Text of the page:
When I was in my early 20s, my brother—an avid black-diamond skier—decided to teach me to ski. He and a college buddy took me to a popular resort in New Hampshire, rode up with me to the top of the mountain, taught me how to fall down, then said they’d see me at the bottom of the trail. I looked down the snowy mountain full of slaloming skiers and wondered how I was going to make it to the base.
After a few moments I decided to throw caution to the wind and “just tuck and go,” as my brother had instructed. Crouched over my skis with poles parallel at my sides, I shoved off and blasted down the mountain—a flying terror full of speed but zero skill. It was a crazy and risky decision. I shot down the mountain yelling warnings and ultimately careened over the edge of the trail (yes, I was that skier you see stuck in a bush with legs up in the air). Still, I loved every second of the wind whipping in my face, the sense of freedom as I glided and skittered over the icy trail, the sound of crunching snow, and even the sudden stillness of lying on my back, face up to the brilliant blue sky.
That was 25 years ago. My adult life was just getting started; my only obligations were to myself. Back then I had the freedom to be reckless. I would never do that today. In fact, my brother recently begged me go skiing with him and, while I went to the mountain, I spent my time reading in the lodge. I’ve discovered I’m now more of an après ski kind of girl. I don’t want to end up in a bush or, worse, in traction.
Am I more risk-averse because I’m older and wiser, or did I just become a coward in the past two decades?
The Role of Age in Risk Tolerance
It’s easy to understand that the development of a mature lifestyle can induce fear of consequences. Children, careers, and other responsibilities make any kind of danger much less tolerable. When it comes to the literature on risk taking, however, there hasn’t yet been a definitive answer to how age affects risk tolerance or aversion. While a slew of research exists on the difference between risk-taking approaches and behaviors in young adults and older generations, the results are mixed. Most of the findings suggest that age itself has little to do with our risk behavior.
Some research (using experimental models concerning finances, investing, and gambling) proves that older adults are more conservative in their choices, especially past the age of 65. Conversely, other studies indicate that older adults tolerate greater financial risk. Still others demonstrate equal tolerance in all age groups.
Separating out the conflicting experiments reveals a risk-aversion strategy that might favor youth—due partially to cognitive deficits that develop in older age and partially to other influential factors. Some theories about the difference in young versus old risk tolerance include:
Reduced gray matter. In a recent study published by the Journal of Neuroscience, researchers discovered that the less gray matter subjects had, the less risky their responses in the experiment. These results coincide with an earlier study whose findings indicate that the cortex becomes thinner with age, which suggests a correlation in risk-reduction behavior.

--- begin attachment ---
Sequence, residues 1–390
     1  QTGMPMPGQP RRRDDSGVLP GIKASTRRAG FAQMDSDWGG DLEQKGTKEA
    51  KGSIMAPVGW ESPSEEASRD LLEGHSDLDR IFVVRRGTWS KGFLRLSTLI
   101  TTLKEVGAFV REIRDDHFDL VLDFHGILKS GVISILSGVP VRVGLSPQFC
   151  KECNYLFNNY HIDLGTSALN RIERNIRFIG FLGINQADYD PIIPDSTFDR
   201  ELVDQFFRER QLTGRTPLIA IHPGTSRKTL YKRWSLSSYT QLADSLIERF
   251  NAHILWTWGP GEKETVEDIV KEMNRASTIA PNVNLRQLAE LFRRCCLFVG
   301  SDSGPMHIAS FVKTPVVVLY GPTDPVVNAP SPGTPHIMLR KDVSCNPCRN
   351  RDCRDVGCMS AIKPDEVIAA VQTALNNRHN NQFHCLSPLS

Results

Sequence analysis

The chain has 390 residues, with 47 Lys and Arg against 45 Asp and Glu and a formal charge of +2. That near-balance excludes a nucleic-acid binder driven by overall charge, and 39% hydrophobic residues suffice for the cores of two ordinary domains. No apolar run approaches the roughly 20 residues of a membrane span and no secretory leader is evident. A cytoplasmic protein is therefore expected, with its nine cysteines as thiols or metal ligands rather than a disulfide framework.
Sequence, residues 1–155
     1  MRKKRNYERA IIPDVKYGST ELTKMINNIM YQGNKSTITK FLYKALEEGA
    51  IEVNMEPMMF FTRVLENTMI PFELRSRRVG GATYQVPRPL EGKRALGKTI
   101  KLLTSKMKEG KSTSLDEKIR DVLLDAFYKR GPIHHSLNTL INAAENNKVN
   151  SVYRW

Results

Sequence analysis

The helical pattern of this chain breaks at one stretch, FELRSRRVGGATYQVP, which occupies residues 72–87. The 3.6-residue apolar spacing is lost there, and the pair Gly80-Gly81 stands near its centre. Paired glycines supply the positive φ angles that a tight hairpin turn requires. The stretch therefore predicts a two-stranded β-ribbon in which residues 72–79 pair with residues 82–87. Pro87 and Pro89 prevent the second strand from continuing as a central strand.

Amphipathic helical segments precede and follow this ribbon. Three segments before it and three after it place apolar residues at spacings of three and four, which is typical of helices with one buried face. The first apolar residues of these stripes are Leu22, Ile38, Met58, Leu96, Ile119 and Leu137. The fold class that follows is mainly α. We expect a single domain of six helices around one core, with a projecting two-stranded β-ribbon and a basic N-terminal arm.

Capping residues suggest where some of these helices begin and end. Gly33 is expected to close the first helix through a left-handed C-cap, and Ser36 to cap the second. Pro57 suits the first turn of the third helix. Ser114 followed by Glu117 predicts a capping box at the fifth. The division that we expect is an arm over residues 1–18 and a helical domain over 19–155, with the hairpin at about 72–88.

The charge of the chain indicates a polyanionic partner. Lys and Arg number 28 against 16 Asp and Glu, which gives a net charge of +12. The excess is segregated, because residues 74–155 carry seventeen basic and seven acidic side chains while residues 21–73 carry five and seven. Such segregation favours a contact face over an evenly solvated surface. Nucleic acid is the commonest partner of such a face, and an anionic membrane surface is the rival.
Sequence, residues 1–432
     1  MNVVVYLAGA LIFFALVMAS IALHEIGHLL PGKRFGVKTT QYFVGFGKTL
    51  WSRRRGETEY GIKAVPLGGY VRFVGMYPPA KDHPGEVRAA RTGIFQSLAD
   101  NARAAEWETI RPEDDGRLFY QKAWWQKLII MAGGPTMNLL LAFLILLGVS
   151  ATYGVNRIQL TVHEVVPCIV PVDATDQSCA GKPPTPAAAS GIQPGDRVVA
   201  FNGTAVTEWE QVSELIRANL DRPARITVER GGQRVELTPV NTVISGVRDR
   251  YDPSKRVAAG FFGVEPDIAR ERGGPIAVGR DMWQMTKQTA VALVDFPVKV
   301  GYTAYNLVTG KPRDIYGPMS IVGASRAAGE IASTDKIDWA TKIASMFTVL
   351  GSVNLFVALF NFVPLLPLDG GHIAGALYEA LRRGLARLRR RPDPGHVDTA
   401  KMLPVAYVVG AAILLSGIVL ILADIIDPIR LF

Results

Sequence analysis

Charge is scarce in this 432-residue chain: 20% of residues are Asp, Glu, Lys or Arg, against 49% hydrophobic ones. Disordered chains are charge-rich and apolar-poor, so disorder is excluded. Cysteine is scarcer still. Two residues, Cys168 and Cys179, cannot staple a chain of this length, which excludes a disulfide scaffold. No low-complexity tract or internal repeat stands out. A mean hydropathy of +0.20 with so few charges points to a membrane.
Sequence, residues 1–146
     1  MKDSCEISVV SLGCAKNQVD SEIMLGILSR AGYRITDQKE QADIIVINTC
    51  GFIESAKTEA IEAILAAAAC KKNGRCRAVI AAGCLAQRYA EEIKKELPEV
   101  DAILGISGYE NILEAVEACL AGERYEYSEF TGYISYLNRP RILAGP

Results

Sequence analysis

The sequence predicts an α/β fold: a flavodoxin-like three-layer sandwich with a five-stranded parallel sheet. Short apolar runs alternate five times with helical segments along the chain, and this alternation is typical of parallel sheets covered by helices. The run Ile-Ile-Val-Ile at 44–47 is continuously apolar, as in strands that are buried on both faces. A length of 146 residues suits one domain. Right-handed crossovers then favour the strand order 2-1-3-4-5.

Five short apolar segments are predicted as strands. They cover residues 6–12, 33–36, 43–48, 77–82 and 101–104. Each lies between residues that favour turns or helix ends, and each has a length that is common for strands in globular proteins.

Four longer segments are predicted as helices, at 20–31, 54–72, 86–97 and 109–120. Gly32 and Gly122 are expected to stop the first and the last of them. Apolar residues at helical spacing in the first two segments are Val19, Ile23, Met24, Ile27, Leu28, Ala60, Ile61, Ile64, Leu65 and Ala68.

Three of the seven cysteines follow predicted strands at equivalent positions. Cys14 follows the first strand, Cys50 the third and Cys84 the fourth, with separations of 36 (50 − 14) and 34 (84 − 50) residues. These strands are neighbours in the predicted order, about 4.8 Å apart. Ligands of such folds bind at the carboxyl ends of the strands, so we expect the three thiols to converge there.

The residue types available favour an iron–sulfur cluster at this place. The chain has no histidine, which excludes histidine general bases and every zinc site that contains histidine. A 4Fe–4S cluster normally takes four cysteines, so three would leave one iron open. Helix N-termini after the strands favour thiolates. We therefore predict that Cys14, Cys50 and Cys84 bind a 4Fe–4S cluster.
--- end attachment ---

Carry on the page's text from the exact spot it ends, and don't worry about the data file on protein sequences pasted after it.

Affective versus deliberative strategy. We make decisions in two ways: based on feelings or based on critical examination of an issue. Research suggests that older adults experience a reduction in critical faculties while their affective capabilities remain intact, leading them to use emotion often when making decisions. In an experiment designed to trigger either affective (“warm”) or deliberative (“cold”) decision making, older adults were actually more risk-tolerant in the deliberative process.
Experience with a task. In studies oriented specifically toward gambling, results show that initially young and old show equal risk-taking behavior, but the older population employs a more affective strategy (focusing less on losses) and increased risk taking over an extended period of time, as they became more accustomed to the task involved in the experiment.
Task context. Studies of task context (i.e., characteristics) show that age differences are secondary to learning when subjects engage in tasks that are influenced by experience. For example, older adults appear risk-averse when a task rewards risk-seeking behavior and risk-seeking when the task involves risk avoidance.
Positive and negative emotions. While only a small number of studies have focused on the role of emotions, the findings are intriguing: Older adults are more likely to be influenced by positive emotions and, in the presence of a positive mood, to choose more risk-taking actions. Conversely, younger adults are more influenced by negative emotions and, in the negative mood, more likely to take risk.
Looking at all the research, I’m still not sure how to interpret my present-day reduced risk tolerance. I’m in middle age versus old age, so worst-case scenario: my thinning cortex accounts for my lower risk tolerance; best-case scenario: I just don’t feel comfortable enough with my experience of skiing to continue engaging in such risky behavior.
Whatever the answer, I’ve taken up dance as an alternative way to feel freedom in body and spirit. Though my partner has dropped me one or two times as we practice a lift, I can much more comfortably tolerate the risk of falling 4 feet down to the dance floor than going over the edge of a mountain into another bush.
What do you notice about how your risk tolerance has changed over time?
To find out about Rose’s thoughts on how to live a happier life, click here
Taking risks is all apart of life and I appreciate that his article focuses on the importance of risk-taking and how it keeps us young.